Has the “unprecedented scale and duration of monetary policy easing” by EU, US and Japanese central banks led to what is a historically slow recovery? Is quantitative stimulus really an addictive pain killer that is responsible for “Secular Stagnation?” Deutsche Bank asset management researchers have an answer and it sings from the same song-book as did their chief economist on Monday.

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Deutsche Bank researchers all on same page regarding negative impact of central bank stimulus

When Deutsche Bank Chief Economist David Folkerts-Landau was on CNBC, he doubled-down on claims that the European Central Bank had lost credibility and the economic situation around the region endangered the entire system. He advocated a bank bailout that would “break the rules” of the EU, recommending that such action be taken now and not in the middle of crisis.

The following day Deutsche Bank Asset Allocation researchers echoed this meme in an independent research report.

“Many of the premises underlying the view that lower rates represent stimulus do not hold up under closer scrutiny,” the July 12 research opined. In the report titled “Is Unprecedented Monetary Policy Easing Creating ‘Secular Stagnation’?” Deutsche Bank researchers answered their own question with a resounding “yes.”

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Five primary points that initially supported the stimulus thesis are false, says Deutsche Bank

Looking at five points of economic analysis, Deutsche Bank’s New York-based Asset Allocation Chief Strategist Binky Chadha along with analysts Parag Thatte and Rajat Dua refute the ECB. Much like Landau did on Monday, the trio layout a case as to why overly aggressive stimulus is bad.

Tearing into the first stimulative premise, that lowering borrowing costs for households increase consumption, the report looks at unintended consequences. “The tax on the other side of the balance sheet is much larger,” they concluded. Low rates mean that savers – particularly retirees – are not getting income. The central bank stimulus sucks spending out of the economy. In this case, the bank thinks low rates result in “a sizable net tax” up to 2.7% of GDP in the US. Central bank stimulus, therefore, isn’t very stimulative and “is negative for spending and growth.”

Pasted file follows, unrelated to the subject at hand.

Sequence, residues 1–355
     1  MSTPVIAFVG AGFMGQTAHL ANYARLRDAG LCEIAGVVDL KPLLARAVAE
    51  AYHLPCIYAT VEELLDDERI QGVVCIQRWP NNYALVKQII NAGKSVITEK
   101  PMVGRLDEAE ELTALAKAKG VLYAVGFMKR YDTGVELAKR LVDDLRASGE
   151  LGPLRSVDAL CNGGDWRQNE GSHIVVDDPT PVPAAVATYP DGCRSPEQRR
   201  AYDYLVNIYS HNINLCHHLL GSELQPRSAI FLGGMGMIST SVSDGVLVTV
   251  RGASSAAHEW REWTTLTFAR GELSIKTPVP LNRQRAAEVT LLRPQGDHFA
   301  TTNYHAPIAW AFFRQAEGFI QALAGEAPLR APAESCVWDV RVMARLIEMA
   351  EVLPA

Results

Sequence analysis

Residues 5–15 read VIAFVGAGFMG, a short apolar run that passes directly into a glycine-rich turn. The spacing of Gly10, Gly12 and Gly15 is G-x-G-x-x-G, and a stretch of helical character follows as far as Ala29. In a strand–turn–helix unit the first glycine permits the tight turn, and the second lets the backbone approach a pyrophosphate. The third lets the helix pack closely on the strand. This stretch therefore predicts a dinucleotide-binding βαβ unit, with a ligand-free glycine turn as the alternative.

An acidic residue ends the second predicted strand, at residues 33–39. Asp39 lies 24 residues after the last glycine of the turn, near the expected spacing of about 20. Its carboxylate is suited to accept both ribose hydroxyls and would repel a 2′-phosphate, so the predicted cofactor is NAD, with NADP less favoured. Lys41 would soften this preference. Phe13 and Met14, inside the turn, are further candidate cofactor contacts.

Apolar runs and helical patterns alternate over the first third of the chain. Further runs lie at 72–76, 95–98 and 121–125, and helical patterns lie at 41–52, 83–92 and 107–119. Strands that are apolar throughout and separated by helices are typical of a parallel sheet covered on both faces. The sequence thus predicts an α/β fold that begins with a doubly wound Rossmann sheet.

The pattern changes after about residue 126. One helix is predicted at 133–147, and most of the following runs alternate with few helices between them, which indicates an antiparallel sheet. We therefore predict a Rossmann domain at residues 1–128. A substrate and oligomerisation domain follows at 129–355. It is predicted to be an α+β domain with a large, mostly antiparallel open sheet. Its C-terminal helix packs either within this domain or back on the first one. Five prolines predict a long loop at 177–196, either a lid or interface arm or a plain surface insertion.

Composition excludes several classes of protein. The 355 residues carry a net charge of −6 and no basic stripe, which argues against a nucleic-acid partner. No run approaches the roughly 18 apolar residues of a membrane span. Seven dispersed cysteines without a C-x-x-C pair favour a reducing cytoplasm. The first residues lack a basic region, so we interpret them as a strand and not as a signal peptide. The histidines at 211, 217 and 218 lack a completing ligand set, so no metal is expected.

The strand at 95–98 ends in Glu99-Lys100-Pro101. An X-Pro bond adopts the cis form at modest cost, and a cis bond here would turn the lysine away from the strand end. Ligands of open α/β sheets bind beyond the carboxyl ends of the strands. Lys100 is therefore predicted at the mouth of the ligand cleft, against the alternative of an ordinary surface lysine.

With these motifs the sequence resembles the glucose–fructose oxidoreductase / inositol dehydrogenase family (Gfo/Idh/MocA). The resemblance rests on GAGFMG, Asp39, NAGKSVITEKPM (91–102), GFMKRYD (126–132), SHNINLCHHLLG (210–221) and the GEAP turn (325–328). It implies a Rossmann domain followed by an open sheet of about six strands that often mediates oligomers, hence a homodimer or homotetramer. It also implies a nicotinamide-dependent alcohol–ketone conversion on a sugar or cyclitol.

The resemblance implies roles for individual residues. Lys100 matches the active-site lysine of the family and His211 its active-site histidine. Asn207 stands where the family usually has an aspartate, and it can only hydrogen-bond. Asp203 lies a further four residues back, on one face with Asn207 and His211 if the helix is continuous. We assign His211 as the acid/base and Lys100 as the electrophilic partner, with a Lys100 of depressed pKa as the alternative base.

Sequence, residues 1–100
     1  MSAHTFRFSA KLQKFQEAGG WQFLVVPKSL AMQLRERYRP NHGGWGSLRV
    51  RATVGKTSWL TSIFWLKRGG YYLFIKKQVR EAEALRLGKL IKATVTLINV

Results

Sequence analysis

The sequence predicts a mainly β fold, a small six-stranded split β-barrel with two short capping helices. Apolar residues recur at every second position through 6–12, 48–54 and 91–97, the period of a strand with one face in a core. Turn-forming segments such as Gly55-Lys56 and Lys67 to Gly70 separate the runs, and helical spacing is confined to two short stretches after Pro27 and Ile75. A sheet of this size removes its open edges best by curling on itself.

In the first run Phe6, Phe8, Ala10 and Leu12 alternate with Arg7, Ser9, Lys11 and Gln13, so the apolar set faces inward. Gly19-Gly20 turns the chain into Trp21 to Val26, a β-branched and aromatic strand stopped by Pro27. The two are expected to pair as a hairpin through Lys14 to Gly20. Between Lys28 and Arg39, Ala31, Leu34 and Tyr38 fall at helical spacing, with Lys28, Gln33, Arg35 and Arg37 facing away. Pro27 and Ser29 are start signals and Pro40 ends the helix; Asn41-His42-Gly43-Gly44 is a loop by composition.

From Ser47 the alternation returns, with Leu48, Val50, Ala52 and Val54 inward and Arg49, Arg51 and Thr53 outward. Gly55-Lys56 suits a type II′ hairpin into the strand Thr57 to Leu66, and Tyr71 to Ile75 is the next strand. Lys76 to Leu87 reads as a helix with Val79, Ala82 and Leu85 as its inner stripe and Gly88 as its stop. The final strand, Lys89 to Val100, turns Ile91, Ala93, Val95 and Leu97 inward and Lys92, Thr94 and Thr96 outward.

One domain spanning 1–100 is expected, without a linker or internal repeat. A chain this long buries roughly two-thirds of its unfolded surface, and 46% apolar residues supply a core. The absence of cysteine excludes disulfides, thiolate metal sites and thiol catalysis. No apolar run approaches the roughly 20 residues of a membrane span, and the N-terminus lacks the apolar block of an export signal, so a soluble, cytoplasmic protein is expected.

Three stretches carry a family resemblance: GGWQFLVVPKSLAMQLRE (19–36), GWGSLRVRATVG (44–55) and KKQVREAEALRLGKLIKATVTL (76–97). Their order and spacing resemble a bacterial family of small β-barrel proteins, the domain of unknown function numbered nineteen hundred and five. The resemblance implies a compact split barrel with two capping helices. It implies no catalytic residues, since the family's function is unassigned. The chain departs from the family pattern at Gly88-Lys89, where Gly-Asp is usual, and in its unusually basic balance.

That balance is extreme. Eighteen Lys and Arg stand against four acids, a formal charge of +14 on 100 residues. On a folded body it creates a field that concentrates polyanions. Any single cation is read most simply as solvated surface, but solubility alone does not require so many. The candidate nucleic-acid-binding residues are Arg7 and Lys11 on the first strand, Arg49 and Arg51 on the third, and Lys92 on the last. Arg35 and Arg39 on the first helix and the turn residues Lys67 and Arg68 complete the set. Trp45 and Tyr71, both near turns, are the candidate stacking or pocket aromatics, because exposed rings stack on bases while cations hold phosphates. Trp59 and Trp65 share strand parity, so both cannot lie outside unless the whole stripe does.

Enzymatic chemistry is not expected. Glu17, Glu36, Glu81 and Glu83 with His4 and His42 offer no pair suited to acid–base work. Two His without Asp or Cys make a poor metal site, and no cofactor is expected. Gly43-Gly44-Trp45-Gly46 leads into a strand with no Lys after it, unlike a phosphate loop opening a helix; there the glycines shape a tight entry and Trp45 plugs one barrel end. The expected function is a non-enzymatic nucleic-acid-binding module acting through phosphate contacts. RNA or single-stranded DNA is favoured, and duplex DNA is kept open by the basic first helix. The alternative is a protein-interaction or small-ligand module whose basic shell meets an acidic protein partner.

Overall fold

The report also said interest lower rates are forcing households to save more for retirement because they are not receiving enough interest on their savings to the tune of 1% of GDP.

The thesis behind lower interest rates was to encourage investors to move out the risk curve and gain a wealth effect from risky assets. The exact opposite has occurred, as falling rates has led to a record over-allocation to fixed income – more than $750 billion, the report noted. While fixed income investing was the winner, the loser was equities, which lost -$1.7 trillion in assets.

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The popular meme on low interest rates is that it supports housing. But this comes at the expense of Financial stocks, a point made in the report and originally voiced by Landau on Monday. In reality lower interest rates, particularly when they get this low, has “an ambiguous impact on overall growth.”

A significant point made by central bank supporters is that low rates are “positive for confidence.” But with negative interest rates predominating, the perversion has spread in an unwanted fashion. “Repeated easing and pushing out of rate normalization has provided a negative signal and significantly reduced confidence.”

It can be said that confidence among those familiar with market structure are the ones most concerned. “The unprecedented easing of monetary policy looks to be depressing –not stimulating– growth, contributing significantly to making it one of the slowest recoveries on record,” the report noted.

Those “developed” economic regions such as the EU and Japan should “curtail further rate cuts.”  This can be facilitated by stronger US growth, which could be on the way, the report noted. “As the dollar shock fades, and the Fed restarting normalization, which we expect will be positive for growth, confidence and asset reallocation to equities” will result, the report predicted.